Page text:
When emergency physician Harvey Castro asked a nurse to start a dopamine
dose for a hypotensive patient one day, he watched the nurse leave the
room, find the book that could guide her to the titratable dose, look in
the index and then flip through until she found what she needed. Castro
wondered, Isn’t there a more efficient way?
In 2009, Emergency Physicians Monthly polled 5,000 readers online to
determine if and when EPs altered the tests they ordered out of fear of
litigation. The poll, which garnered 385 responses, may not have been
scientifically valid, but it confirmed what most of us know intuitively –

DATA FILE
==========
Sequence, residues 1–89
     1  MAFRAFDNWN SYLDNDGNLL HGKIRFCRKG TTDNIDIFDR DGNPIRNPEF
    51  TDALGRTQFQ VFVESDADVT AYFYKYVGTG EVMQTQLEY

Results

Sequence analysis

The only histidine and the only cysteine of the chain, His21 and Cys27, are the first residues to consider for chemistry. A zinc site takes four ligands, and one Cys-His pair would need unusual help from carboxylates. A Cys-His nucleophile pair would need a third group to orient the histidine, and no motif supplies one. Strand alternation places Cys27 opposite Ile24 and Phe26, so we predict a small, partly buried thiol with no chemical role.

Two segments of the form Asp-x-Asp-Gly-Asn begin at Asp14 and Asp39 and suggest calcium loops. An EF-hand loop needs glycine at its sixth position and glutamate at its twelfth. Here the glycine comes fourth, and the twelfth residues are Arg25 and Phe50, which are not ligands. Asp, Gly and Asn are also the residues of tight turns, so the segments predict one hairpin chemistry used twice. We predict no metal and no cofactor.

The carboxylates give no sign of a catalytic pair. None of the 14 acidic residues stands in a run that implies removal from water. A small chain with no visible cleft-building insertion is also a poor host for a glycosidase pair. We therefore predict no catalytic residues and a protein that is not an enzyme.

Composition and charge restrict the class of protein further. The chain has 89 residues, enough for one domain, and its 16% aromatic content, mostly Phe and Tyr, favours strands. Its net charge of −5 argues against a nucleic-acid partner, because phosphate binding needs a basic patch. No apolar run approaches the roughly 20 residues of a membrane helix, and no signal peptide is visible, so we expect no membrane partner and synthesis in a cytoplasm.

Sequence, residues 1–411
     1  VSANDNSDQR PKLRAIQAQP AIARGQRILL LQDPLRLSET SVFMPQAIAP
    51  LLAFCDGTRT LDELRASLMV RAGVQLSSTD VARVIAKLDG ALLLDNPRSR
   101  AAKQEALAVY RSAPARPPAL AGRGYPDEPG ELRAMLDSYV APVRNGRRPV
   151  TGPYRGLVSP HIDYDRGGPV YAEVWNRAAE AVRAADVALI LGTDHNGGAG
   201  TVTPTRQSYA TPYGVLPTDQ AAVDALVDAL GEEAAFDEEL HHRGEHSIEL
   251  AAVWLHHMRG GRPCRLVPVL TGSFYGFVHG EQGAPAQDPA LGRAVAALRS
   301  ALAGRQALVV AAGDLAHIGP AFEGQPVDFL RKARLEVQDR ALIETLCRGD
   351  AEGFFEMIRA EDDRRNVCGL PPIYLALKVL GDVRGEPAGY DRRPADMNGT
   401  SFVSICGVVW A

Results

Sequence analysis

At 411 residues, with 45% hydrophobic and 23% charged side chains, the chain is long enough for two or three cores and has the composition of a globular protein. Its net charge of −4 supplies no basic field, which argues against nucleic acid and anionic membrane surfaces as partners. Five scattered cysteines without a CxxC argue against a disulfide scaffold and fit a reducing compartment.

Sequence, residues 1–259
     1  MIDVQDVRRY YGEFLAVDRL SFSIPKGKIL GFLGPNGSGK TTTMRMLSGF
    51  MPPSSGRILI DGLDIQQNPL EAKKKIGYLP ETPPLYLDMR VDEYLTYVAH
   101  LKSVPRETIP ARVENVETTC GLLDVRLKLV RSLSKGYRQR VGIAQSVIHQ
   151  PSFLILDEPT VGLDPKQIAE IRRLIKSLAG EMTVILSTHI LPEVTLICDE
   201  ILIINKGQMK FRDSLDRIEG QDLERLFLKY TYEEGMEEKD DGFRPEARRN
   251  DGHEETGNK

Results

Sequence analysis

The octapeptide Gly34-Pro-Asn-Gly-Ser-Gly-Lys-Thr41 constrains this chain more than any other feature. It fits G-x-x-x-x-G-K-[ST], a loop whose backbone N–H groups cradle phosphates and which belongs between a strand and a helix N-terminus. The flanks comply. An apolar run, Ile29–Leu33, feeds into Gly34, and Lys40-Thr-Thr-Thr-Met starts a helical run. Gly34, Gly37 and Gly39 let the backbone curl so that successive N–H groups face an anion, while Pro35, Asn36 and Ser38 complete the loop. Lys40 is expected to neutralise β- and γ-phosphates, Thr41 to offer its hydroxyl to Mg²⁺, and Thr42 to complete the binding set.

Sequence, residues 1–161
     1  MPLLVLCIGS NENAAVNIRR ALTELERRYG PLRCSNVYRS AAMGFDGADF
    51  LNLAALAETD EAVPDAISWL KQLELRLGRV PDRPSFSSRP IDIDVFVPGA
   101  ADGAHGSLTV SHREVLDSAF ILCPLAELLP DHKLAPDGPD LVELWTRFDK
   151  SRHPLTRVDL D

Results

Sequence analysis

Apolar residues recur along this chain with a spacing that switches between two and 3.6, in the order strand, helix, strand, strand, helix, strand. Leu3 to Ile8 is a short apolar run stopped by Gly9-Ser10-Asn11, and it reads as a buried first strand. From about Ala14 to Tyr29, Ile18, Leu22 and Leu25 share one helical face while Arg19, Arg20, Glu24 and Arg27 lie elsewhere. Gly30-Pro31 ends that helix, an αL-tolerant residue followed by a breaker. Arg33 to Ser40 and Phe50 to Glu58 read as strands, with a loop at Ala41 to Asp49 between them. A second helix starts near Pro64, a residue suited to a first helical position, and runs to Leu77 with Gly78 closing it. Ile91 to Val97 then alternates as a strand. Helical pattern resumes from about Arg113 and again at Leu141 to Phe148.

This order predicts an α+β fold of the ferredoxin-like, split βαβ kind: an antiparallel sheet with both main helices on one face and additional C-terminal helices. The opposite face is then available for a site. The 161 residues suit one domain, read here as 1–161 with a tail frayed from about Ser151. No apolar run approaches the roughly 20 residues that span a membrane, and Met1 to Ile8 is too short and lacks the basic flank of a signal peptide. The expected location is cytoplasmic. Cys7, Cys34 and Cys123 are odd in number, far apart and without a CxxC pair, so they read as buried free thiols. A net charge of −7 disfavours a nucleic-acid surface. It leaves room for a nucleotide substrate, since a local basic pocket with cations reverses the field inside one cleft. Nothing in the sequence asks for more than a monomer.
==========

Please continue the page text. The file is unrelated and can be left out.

that there is a significant cost to defensive medicine. Now, the
Pennsylvania College of Orthopedic Surgeons has added fuel to the fire,
publishing a study that confirms the very same thing.
One night on a lonely stretch of Mexican highway, Dr. Haywood Hall
stumbled on a car accident and a man who was unconscious. For 30 minutes
Hall, a vacationing emergency physician, waited for the ambulance to
arrive. When it did come, it was with shoddy equipment, expired Valium
and an undertrained staff. Although Dr. Hall didn’t have a license to
practice medicine in Mexico, he got police permission to help.
Daryl Wilson was a medical student on rotation in the emergency
department when a man with severe chest pain was rushed in along with
his family. Wilson was briefing them on the father’s condition when the
teenage son suddenly stopped him short: “You’re Daryl. You’re the
singer for the BollWeevils!”